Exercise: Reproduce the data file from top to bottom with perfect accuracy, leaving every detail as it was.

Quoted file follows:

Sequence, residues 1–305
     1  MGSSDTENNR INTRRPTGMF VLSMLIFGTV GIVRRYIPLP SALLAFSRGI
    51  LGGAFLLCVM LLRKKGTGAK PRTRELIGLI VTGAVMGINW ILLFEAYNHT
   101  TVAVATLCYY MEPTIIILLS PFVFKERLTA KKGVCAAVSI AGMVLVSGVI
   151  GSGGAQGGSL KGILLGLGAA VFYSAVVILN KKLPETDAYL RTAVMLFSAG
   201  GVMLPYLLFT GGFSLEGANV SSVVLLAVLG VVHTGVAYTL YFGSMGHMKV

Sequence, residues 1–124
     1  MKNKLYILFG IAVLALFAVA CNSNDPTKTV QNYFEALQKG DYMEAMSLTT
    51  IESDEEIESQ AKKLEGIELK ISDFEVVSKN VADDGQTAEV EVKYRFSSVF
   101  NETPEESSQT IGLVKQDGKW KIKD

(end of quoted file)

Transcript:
Sequence, residues 1–305
     1  MGSSDTENNR INTRRPTGMF VLSMLIFGTV GIVRRYIPLP SALLAFSRGI
    51  LGGAFLLCVM LLRKKGTGAK PRTRELIGLI VTGAVMGINW ILLFEAYNHT
   101  TVAVATLCYY MEPTIIILLS PFVFKERLTA KKGVCAAVSI AGMVLVSGVI
   151  GSGGAQGGSL KGILLGLGAA VFYSAVVILN KKLPETDAYL RTAVMLFSAG
   201  GVMLPYLLFT GGFSLEGANV SSVVLLAVLG VVHTGVAYTL YFGSMGHMKV

Sequence, residues 1–124
     1  MKNKLYILFG IAVLALFAVA CNSNDPTKTV QNYFEALQKG DYMEAMSLTT
    51  IESDEEIESQ AKKLEGIELK ISDFEVVSKN VADDGQTAEV EVKYRFSSVF
   101  NETPEESSQT IGLVKQDGKW KIKD